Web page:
The three largest jurisdictions in the region (Fairfax Montgomery and Prince George’s Counties) are planning for dramatic transformations and showing that density transit and mixed-use development are not antithetical to the suburbs.
Earlier this week Montgomery County voted to approve a potentially transformative development plan. The plan which did not pass without first stirring up controversy will enable redevelopment of many of the County’s more sprawling areas into walkable mixed-use centers with a focus on areas with new and existing transit service.
There’s a lot of new transit coming to the County in the next decade (the Purple Line and the Corridor Cities Transitway primarily) and this plan seeks to take a proactive approach in helping the County get the most benefit from that new transit. The benefits of taking a proactive approach to development around a planned transit line are evidenced by the much-heralded success of Arlington’s Rosslyn-Ballston corridor.
In late September Maryland announced that it would be moving the headquarters of the state’s Department of Housing and Community Development to New Carrollton choosing a location near transit over sprawl (Metro MARC Amtrak and several bus lines serve the area). Furthermore the Department will be part of a new mixed-use development with offices retail apartments and even a performing arts center.
In addition to the demand brought by employment therefore New Carrollton will become a more complete center in its own right. The decision aligns with Governor O’Malley’s priority of encouraging development around many of the underutilized Metro stations in Prince George’s County.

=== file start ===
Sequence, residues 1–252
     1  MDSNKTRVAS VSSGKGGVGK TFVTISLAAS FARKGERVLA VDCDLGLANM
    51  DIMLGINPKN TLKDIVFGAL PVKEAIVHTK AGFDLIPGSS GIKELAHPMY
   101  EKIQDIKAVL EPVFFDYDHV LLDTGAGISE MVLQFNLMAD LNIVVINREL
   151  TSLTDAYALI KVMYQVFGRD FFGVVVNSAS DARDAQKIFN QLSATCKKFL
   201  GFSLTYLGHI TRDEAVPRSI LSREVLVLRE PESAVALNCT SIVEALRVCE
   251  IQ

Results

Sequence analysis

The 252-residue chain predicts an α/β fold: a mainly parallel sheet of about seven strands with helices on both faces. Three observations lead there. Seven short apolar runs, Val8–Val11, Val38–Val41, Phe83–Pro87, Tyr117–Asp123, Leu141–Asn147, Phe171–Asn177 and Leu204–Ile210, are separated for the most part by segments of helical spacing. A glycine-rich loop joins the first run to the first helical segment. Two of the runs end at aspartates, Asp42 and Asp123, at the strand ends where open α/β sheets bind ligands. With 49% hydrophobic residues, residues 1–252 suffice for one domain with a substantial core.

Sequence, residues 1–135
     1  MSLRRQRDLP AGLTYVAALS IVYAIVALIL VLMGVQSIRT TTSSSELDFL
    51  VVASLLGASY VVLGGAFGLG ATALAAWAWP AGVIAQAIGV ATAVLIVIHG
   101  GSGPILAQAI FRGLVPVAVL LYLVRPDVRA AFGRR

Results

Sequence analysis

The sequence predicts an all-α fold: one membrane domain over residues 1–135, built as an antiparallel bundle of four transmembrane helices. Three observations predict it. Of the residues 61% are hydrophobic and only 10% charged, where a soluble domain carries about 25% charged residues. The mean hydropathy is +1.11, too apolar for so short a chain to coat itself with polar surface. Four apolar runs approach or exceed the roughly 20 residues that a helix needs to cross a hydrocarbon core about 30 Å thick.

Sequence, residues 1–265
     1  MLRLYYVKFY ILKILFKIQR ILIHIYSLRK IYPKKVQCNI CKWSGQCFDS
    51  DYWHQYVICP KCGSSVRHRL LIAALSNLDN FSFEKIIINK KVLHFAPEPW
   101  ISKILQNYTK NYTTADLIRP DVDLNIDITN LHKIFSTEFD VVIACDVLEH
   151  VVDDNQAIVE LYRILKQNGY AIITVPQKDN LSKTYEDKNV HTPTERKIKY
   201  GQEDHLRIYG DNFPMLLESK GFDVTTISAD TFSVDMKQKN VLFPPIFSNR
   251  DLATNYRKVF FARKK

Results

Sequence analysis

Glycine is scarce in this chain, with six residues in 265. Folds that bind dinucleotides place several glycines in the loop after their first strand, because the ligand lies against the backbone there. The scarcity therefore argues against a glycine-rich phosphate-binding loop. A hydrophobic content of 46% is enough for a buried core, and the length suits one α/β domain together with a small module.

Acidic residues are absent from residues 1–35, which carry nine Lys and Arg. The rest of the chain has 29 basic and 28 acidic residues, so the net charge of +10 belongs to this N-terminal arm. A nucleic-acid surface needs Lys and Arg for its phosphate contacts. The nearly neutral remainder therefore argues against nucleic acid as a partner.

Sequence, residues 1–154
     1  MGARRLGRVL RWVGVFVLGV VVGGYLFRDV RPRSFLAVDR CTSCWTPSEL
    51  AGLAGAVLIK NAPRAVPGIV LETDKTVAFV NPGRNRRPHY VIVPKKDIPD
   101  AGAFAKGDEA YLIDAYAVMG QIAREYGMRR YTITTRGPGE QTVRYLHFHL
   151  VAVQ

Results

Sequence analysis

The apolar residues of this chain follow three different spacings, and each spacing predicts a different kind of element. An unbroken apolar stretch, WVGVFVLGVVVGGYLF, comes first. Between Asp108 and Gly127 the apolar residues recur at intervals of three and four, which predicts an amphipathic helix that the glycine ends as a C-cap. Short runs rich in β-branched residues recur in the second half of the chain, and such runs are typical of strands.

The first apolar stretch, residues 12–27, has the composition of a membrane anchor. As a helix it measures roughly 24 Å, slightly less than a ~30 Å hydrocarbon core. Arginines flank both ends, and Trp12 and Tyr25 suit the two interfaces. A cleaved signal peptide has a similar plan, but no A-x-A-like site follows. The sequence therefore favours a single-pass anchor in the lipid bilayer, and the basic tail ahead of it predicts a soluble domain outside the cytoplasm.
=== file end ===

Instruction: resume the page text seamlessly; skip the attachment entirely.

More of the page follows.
On the other side of the District Fairfax County is continuing to move forward with the widely publicized Tysons Transformation turning Tysons Corner currently a bastion of commuters with very little actual residents into a genuine city complete with housing jobs retail entertainment sidewalks and transit. Of course the extension of Metro into Tysons is the driving force behind this transformation though housing is also a critical element.
As the region’s second largest business district (behind downtown Washington) Tysons is accordingly replete with workers. However it is essentially devoid of residents. And the current lack of transit means all those workers have to drive into Tysons every day. This imbalance is what creates the massive congestion problems in the area. However Fairfax Planners recently gave the green light to dramatically increasing the amount of housing in Tysons thus supporting an essential part of the area’s transformation. The development of an actual city appears indeed to be underway.